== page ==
Also, I think it’s kinda cool to feel cozy, warm and dry, even when the cold rain is splashing on my face.  I love the contradiction.  Plus, it’s perfectly fine for me to have people think I’m a little crazy.  I rather enjoy it. 

Then there’s the idea that I hate being told what to do.  When the weather guy tells us how cold and rainy it’s going to be and the darling little anchor sitting near him becomes all sad and says in her sweet little voice, “Brrr…No fun…Bring your umbrella and bundle up…Stay inside if you can,” I think, “How stupid.  They can’t tell me what to do and how to feel about this weather!”  Yet, this was the first year I actually had a viable alternative to rainy-day-misery.

When I run in the rain, I feel like with every step I take, I’m crushing all that negativity and with every swing of my arm, I punch that doom-and-gloom attitude right in the nose.  When it’s cold, I am awake, alert, and alive–and I often don’t even need that second pot of coffee.  When it’s windy and messy and muddy and sloppy, the challenge is invigorating and (dare I say it?) fun.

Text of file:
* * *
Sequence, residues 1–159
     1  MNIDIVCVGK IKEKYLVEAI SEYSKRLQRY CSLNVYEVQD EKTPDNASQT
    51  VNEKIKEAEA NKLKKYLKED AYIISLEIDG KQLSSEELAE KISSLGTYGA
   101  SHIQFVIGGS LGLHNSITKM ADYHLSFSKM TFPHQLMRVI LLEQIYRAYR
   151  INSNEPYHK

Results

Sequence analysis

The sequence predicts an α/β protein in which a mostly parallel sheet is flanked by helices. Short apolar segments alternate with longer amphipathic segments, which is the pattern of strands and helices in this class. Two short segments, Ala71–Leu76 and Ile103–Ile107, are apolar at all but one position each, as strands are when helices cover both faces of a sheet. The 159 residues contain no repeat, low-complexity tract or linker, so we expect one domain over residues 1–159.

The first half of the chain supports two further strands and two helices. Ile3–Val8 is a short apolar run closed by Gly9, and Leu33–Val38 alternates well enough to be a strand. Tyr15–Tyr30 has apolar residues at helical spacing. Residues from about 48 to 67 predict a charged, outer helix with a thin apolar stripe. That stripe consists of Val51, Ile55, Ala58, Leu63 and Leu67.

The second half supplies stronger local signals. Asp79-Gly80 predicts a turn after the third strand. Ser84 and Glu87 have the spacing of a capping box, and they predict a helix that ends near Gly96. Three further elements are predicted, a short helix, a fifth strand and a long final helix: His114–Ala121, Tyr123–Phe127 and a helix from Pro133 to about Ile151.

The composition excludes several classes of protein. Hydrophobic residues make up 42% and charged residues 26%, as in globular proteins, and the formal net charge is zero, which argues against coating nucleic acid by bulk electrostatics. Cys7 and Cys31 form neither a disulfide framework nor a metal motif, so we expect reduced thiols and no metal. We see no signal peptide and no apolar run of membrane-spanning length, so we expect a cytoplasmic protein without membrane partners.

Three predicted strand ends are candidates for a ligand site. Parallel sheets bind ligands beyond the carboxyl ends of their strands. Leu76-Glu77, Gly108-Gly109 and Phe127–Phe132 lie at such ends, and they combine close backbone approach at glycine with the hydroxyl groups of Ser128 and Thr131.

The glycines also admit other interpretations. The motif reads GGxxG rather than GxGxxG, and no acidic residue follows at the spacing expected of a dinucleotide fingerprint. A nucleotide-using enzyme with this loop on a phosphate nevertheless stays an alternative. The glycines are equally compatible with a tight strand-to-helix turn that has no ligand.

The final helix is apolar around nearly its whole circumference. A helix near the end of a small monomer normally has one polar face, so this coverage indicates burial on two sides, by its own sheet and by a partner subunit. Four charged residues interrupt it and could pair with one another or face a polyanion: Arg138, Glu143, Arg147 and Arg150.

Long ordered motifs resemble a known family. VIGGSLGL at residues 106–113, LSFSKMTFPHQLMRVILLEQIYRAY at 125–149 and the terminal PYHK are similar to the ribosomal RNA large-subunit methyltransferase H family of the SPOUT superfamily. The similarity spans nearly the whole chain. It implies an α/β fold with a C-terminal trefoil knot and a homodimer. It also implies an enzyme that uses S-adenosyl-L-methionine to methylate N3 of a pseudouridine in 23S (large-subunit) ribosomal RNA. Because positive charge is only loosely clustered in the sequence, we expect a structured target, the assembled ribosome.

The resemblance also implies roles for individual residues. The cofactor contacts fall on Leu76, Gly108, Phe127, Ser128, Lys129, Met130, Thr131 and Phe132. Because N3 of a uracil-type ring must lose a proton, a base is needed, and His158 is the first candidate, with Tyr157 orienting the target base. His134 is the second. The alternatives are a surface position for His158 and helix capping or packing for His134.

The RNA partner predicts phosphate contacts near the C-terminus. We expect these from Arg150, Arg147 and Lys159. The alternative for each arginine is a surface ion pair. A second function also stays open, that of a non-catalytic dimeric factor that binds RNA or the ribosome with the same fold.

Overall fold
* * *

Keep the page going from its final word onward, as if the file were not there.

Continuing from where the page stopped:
And my times are actually better in the rain.  Not that my times matter (like, AT ALL), since my running times still put me well behind most runners, albeit ahead of the walkers.  Still, the contradiction thing keeps sparking my interest–lots of runners have slower times in the rain.  Once again, I am the opposite of normal.

Anyway, just wanted you to know that as we all deal with the downpours together, there’s somebody out here really, really happy about the weather.  If you really hate the weather, I promise to do my best to enjoy it for you!  No need to thank me. 

And just think.  Soon, I get to try my feet at snow!